For Bitch, music is the most difficult vertical to assign stories for, primarily because most artists don’t have promotional cycles before releasing their newest projects. Thanks to Beyoncé, surprise albums trump traditional rollouts, so we are often scrambling to assign coverage in a timely fashion that will resonate within the small window allotted by the news cycle. Often, we shy away from publishing traditional reviews. There are other outlets, including Billboard and Pitchfork, that are entrenched in that lane and are doing their work so well that they’ve become the go-to publications for music reviews.
Instead, we aim to provide cultural context, either around the artist themselves e.g. our recent Taylor Swift piece, which was more about her politics than the album itself, or around a phenomenon they’ve started e.g. Megan Thee Stallion’s “hot-girl summer” mantra and lifestyle. Publishing pieces that contextualize artists or moments both widens our reach with new audiences and deepens our relationship with the audience we already have. I am always looking to amplify independent artists, artists from underrepresented communities, and artists whose music includes some sort of alignment with Bitch’s feminist values and political commitments. I am often seeking the same values in the writers who I choose to work with: Can they write well? Are they able to articulate an original viewpoint that doesn’t tread over well-trodden terrain? Are they able to include both their personal voice and good analysis? Do their values align with the organization’s values?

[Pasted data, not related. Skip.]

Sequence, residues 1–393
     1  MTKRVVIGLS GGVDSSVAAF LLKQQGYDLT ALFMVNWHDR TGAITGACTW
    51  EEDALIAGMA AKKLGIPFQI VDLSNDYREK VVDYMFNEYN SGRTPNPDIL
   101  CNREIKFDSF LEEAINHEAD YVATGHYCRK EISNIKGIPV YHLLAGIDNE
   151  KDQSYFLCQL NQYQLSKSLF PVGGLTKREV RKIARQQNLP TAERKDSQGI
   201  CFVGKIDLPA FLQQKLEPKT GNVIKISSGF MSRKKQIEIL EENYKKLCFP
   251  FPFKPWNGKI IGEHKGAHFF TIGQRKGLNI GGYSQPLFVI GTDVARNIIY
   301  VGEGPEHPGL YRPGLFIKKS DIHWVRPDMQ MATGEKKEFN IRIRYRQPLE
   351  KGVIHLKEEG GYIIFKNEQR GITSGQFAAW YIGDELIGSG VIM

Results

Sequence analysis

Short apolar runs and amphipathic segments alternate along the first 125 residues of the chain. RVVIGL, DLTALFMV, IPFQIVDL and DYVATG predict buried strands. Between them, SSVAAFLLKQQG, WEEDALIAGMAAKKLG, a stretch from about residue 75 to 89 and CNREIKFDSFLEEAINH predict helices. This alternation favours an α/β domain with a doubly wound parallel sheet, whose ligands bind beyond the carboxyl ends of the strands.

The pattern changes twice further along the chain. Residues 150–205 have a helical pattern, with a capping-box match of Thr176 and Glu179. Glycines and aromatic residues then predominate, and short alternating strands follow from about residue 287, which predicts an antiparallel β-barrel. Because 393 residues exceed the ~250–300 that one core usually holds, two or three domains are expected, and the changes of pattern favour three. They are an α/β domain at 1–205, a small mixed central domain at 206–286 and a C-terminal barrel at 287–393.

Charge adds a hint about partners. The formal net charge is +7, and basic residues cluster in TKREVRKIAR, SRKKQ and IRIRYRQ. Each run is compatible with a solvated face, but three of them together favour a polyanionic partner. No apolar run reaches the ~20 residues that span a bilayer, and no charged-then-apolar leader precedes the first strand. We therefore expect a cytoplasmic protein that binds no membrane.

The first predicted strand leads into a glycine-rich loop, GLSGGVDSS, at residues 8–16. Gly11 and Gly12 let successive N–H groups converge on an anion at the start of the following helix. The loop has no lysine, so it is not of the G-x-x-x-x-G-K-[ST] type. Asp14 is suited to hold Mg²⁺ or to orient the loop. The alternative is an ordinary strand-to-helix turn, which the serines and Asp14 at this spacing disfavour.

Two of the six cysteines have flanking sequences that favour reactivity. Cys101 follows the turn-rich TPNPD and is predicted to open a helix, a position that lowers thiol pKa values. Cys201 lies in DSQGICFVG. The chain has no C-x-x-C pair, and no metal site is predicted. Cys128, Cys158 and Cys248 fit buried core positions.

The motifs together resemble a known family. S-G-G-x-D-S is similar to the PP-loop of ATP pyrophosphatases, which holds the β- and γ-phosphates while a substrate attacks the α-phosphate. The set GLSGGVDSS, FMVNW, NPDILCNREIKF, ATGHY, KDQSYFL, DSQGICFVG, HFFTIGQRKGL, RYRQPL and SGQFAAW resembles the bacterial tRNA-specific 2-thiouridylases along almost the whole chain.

Which women’s outlets, or women who write primarily for women’s outlets, should we be reading?
I read a variety of different publications, so I am sure that I am going to leave some of them off of this list. That’s definitely not intentional. I believe we should all be reading (and supporting) Wear Your Voice, Longreads, The Cut, Autostraddle, Shondaland, Zora, The Nation, and Teen Vogue. In terms of women writers, I am always looking out for the work of Cate Young, Britni Danielle, Candice Benbow, Taylor Crumpton, Morgan Jerkins, Keah Brown, Angelica Jade Bastién, Tressie McMillan Cottom, Melissa Fabello, Britni de la Cretaz, Jourdain Searles, Serena Sonoma, and Clarkisha Kent.
in other women’s media news
Audrey Gelman says her appearance on Inc’s female founders issue marks the first time a visibly pregnant CEO appeared on a business magazine cover
Ahead of the global climate marches, activist Greta Thunberg appeared on the cover of Teen Vogue
Janet Mock is on the cover of Out
more from clipped